A speaker can have the most prepared, well thought out talk. But, if the presentation of the talk, falls flat, the message won’t get across. Here are some tips to make sure that your material is presented as well as it’s written.
Before the Talk
Before you ever arrive at the venue, practice your talk. Practice the elements of stress, pitch, and speed.
Practice saying the following sentences aloud, stressing the bold and italicized words. Note the different meanings conveyed.
- You can never put too many cherries on ice cream.
- You can never put too many cherries on ice cream.
- You can never put too many cherries on ice cream.
The first sentence implies that no matter how many cherries there are on ice cream, it is not too many. The second sentence implies that the chef should be careful not to put a large number of cherries on ice cream. The third sentence implies that it would be shocking to put too many cherries on ice cream, but a similar number of cherries would be acceptable elsewhere.
Varying the pitch in one’s voice can convey meaning as well. For example, say the following sentence using a high-pitched voice (as you would talk to a baby, or a pet), your normal pitch, and a low pitch.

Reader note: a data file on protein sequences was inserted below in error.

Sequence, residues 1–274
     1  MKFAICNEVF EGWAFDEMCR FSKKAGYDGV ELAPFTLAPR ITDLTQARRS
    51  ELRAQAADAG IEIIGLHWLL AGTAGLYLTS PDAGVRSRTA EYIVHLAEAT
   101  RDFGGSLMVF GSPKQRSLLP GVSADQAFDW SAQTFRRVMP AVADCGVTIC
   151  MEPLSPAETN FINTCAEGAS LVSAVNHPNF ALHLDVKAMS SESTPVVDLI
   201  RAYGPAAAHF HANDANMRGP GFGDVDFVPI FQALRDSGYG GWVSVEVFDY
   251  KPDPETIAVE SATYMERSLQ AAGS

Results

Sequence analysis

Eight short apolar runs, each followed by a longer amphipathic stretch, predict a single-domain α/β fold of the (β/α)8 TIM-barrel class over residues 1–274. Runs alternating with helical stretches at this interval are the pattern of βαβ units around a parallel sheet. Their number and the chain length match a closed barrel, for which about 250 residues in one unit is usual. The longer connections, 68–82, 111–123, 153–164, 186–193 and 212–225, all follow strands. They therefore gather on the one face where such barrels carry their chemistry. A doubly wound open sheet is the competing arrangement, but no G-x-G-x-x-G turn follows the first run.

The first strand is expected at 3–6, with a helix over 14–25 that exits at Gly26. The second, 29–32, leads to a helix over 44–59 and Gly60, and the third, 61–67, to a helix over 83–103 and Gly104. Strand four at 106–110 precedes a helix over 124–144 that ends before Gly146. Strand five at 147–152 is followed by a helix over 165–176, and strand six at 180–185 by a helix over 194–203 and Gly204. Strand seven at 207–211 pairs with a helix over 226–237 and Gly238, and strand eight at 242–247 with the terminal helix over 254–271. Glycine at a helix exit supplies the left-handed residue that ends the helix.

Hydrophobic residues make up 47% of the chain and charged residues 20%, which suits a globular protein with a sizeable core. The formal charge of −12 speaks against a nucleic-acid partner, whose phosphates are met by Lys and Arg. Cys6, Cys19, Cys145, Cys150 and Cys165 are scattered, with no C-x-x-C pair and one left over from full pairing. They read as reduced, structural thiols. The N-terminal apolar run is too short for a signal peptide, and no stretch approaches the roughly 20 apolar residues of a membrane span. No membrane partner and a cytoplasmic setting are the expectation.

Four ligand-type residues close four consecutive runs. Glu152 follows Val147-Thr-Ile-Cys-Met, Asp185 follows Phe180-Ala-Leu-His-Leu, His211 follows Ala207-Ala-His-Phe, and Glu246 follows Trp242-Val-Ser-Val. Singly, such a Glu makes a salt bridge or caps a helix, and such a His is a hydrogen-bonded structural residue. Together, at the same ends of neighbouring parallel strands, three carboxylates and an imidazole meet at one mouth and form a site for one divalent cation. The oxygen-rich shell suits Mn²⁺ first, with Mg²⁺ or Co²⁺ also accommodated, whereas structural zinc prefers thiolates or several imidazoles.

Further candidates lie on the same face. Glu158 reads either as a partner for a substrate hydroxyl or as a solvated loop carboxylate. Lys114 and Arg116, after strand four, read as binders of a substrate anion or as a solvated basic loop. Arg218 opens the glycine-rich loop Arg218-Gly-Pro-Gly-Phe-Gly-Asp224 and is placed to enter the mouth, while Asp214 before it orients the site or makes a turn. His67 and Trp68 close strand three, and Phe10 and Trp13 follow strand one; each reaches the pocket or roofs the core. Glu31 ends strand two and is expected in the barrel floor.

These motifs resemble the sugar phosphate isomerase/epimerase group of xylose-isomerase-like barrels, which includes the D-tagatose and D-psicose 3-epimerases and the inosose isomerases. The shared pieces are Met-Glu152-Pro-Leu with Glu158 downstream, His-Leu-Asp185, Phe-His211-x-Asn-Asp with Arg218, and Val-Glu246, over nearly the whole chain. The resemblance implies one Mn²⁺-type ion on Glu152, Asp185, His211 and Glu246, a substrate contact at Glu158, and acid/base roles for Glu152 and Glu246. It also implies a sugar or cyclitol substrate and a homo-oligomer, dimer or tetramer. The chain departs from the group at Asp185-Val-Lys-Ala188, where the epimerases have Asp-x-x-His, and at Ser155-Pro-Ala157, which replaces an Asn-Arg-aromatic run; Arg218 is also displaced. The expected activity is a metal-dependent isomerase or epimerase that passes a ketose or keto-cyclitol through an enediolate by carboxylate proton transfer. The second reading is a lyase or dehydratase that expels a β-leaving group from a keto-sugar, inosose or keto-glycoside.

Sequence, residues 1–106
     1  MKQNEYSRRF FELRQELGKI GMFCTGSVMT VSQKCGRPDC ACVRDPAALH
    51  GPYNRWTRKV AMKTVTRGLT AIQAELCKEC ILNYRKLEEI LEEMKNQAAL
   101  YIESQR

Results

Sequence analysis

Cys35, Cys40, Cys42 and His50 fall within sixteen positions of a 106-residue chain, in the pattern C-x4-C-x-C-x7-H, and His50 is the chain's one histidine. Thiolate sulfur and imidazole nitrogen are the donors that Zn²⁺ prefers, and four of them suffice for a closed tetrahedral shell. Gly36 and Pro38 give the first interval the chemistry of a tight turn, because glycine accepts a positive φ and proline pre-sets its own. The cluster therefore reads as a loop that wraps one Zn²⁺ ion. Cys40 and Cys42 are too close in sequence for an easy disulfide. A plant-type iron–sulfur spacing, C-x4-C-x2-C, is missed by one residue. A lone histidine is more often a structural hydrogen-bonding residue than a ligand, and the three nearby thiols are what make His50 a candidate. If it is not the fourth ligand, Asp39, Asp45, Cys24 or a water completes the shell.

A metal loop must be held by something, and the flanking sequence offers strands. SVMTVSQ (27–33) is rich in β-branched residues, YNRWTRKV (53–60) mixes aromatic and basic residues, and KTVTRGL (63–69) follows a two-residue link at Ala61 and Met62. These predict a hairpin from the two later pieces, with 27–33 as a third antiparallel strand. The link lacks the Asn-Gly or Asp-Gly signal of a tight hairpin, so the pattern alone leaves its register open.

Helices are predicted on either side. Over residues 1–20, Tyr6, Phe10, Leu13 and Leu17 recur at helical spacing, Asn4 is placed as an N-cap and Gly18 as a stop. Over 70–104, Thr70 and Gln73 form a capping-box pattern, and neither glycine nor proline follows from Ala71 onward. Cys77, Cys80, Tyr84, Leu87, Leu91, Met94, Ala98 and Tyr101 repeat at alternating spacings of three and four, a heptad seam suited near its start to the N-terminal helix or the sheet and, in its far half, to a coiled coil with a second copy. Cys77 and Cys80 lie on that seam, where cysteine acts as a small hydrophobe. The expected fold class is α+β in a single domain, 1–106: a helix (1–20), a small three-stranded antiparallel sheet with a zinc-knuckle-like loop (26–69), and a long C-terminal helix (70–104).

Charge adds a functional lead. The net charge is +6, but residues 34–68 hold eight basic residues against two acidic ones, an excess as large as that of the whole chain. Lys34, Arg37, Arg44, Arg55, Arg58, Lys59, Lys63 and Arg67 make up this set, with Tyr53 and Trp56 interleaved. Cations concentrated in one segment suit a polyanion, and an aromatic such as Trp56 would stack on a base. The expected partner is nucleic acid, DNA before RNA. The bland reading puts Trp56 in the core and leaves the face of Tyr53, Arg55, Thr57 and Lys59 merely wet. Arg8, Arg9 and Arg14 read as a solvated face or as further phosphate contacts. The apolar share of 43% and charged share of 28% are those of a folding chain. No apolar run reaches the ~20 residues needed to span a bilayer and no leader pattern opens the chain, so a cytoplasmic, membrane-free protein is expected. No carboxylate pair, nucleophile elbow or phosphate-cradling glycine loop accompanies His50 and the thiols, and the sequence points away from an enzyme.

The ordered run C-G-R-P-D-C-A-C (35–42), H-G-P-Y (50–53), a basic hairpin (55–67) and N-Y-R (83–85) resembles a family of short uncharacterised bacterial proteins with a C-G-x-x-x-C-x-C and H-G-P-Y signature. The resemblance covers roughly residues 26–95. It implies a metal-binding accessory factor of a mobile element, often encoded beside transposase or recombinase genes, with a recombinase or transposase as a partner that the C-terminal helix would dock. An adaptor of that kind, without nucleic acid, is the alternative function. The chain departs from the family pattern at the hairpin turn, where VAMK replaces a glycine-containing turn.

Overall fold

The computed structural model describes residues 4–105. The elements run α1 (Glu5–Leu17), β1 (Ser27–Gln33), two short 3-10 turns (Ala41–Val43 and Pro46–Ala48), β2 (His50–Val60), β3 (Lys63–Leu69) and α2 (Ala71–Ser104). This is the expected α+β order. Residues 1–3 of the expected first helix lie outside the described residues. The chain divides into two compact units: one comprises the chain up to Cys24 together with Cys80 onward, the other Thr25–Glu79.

When said in a high-pitched voice, “Come here” sounds like a request. When said in a lower pitched voice, it sounds like a command or even a threat.
So many effects can be achieved by varying the speed of your words. Say “thirty million rupi” very fast, as if that were a trivial sum of money.
Then say, “Thirrrrttttyyyy millllionnnn ruuuuuppppiiiiis” extending every syllable to the maximum. Now it really seems like a lot of money. By increasing the time you took to say it, it’s almost as if you’ve increased the amount itself. Yet the actual words you’ve spoken are just the same.
Now that you’ve practiced your talk and how you want to inflect your words, here are some additional tips for what to do right before you present.